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Monday, 14 August 2017

A Stitch In Time

There were two sessions about using fabric as inspiration at the Romantic Novelists' Association's Conference. Carol McGrath spoke about Fabric, Embroidery and Tapestry as inspiration for historical fiction, while Elizabeth Chadwick spoke about going beyond the dressing-up box to explore daily life in times gone by. Both were very different in tone, but equally fascinating.

Elizabeth suggested immersing ourselves in the period by studying the depictions of daily life in embroideries. Fashion, musical instruments and  hunting are shown in detail, created by the people who saw all those things every day. It all helps to bring authenticity to your fiction. Then there's the potential romance contained in how the pieces were made: the lives of silk-workers, the dyers, weavers, the times in which they lived and loved, and the people for whom they worked  And that's before you've considered the object of the craftwork.

Carol McGrath recounted the story of how she had been intrigued by a figure of a woman worked into the Bayeux Tapestry. There are only three women depicted in the whole 70 metre (more than 231 feet) long embroidery showing of life before and during the Battle Of Hastings in 1066. Carol has woven a series of books around the possibility of them being Harold's intended queen, his sister, and his "handfasted wife", who is shown fleeing with Harold's son from their burning house. It was a brilliant idea for a series, and the novels make compelling reading.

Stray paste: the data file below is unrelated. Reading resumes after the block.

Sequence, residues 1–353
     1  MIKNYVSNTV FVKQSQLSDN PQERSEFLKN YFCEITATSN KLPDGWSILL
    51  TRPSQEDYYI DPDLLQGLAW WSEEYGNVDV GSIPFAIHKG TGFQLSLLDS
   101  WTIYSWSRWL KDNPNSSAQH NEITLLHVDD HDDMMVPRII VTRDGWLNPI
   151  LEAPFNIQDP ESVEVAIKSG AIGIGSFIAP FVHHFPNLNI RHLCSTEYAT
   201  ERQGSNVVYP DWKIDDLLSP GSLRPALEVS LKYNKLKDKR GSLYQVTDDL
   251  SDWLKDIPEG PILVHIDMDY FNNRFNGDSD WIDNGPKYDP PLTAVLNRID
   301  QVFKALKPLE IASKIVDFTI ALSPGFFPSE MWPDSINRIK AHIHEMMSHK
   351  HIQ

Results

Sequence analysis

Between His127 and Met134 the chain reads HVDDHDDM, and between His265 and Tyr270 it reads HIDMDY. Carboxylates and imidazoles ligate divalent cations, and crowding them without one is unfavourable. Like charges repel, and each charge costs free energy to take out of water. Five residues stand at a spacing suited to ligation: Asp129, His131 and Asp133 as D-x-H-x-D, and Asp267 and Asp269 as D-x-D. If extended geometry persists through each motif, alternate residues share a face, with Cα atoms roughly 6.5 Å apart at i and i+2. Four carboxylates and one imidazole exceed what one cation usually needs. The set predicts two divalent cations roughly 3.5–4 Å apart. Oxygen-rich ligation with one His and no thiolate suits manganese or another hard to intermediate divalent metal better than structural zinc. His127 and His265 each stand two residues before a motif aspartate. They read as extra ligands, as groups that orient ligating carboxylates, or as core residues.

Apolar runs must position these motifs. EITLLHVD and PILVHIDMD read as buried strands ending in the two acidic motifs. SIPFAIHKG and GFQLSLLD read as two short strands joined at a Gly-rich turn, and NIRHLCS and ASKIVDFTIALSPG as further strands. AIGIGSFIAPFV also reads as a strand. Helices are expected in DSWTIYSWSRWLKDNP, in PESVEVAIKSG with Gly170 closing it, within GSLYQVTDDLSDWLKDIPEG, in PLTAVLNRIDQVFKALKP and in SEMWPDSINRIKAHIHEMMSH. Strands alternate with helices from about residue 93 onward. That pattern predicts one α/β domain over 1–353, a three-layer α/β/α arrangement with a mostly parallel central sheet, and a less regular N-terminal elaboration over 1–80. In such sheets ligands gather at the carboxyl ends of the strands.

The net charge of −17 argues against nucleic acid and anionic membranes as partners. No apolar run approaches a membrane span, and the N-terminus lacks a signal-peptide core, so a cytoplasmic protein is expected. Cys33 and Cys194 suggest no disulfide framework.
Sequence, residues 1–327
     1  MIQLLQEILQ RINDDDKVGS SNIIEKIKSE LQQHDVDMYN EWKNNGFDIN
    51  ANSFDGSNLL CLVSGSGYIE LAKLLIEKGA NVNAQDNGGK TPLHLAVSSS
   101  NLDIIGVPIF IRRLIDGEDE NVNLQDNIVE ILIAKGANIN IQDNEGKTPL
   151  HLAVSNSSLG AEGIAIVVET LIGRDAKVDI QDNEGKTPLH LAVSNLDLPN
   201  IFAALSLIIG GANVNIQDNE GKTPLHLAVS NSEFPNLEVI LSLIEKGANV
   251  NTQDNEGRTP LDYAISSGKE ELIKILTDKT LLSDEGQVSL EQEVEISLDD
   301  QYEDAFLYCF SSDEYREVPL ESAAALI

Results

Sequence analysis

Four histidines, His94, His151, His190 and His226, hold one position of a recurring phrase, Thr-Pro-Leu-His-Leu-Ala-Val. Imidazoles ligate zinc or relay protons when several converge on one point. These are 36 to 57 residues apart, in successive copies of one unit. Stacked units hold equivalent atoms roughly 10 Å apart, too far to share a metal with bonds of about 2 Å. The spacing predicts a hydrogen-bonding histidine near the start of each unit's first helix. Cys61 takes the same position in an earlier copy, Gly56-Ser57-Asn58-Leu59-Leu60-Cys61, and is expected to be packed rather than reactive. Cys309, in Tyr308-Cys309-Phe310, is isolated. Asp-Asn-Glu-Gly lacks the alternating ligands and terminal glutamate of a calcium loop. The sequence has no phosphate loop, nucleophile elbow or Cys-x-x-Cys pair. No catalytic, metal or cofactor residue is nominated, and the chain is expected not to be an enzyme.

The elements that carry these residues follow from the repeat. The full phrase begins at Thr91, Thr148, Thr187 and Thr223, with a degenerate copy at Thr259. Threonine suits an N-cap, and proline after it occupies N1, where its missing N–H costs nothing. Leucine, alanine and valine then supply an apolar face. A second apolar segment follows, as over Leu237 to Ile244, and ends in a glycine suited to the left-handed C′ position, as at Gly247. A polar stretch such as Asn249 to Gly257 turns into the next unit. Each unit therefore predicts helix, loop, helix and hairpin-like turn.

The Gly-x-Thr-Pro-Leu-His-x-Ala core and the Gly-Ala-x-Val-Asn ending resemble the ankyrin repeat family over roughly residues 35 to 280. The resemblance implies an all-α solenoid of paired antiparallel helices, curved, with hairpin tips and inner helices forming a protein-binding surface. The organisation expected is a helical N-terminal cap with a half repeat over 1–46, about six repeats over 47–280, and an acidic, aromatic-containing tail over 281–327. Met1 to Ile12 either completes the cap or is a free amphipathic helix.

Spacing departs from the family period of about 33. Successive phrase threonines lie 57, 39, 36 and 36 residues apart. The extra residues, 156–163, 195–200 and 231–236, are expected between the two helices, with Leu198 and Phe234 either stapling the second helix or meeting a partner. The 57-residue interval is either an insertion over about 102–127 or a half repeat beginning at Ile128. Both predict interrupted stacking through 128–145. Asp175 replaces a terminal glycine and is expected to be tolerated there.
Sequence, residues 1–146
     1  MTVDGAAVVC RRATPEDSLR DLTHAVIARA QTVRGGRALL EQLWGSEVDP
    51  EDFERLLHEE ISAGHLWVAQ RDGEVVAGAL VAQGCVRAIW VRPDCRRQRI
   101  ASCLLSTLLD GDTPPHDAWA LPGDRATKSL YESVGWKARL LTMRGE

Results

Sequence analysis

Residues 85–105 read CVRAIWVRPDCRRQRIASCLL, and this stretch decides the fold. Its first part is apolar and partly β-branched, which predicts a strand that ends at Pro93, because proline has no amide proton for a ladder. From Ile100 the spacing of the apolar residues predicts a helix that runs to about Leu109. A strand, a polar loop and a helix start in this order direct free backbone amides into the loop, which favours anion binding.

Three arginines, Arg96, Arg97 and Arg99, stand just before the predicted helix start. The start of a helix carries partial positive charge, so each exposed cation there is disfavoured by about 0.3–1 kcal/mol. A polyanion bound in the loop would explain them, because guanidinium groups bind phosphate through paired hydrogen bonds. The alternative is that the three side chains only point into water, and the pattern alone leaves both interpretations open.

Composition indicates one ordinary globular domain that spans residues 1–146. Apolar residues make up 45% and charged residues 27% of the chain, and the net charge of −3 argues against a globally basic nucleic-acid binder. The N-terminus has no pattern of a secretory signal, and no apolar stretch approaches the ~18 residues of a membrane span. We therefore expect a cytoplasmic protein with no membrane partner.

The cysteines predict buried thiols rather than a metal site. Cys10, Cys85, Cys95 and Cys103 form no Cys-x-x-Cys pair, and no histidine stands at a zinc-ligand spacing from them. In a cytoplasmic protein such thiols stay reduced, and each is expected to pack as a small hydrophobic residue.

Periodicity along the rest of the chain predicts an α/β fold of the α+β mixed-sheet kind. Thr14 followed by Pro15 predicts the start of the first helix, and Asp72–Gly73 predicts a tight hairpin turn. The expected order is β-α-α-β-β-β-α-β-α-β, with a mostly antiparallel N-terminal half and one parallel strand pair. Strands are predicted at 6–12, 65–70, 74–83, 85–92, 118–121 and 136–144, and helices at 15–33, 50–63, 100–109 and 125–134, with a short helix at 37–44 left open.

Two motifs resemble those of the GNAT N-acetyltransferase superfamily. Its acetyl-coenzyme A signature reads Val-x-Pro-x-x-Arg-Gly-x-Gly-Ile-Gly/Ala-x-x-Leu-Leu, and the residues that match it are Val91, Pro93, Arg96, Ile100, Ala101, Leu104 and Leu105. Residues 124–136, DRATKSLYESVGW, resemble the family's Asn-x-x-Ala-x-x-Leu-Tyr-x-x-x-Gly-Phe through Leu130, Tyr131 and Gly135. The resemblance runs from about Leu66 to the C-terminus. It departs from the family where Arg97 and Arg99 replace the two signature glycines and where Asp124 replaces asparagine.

I'd love to be able to create a piece of beautiful needlework, but I don't have the time, the patience, or the skill. Do you do enjoy craft work? What craft are you most proud of completing?

Monday, 7 August 2017

Agents, and How To Find Them...

Felicity Trew. Photograph by John Jackson.
The first session I went to at the Romantic Novelists' Association's Conference this year was Felicity Trew's presentation about the work of an agent and how to write the perfect submission letter. Felicity works for the Caroline Sheldon Literary Agency.

A good agent will be your supporter, cheerleader and confidante. They will create a publishing schedule for you, spacing your books out so you aren't releasing them too close together. They'll guide your career, and help you create a "brand", or rework one that isn't working

When it comes to writing your submission letter to an agent, keep it calm and professional.  Begin with the word count, and the intended audience for your book. Bring all your skill as a storyteller into play, but keep all the information you include concise and relevant. Distil your plot into about three lines, and put this at the top so your prospective agent knows what to expect. Show that you've really researched your agent, and your market. Give a brief history of your writing history, and your inspiration behind the book you're pitching. Give links to your online presence. Keep your spell checker on, and make sure your letter is as perfectly laid out as your manuscript.

Which do you find harder—writing fiction, or writing the letter that goes with it?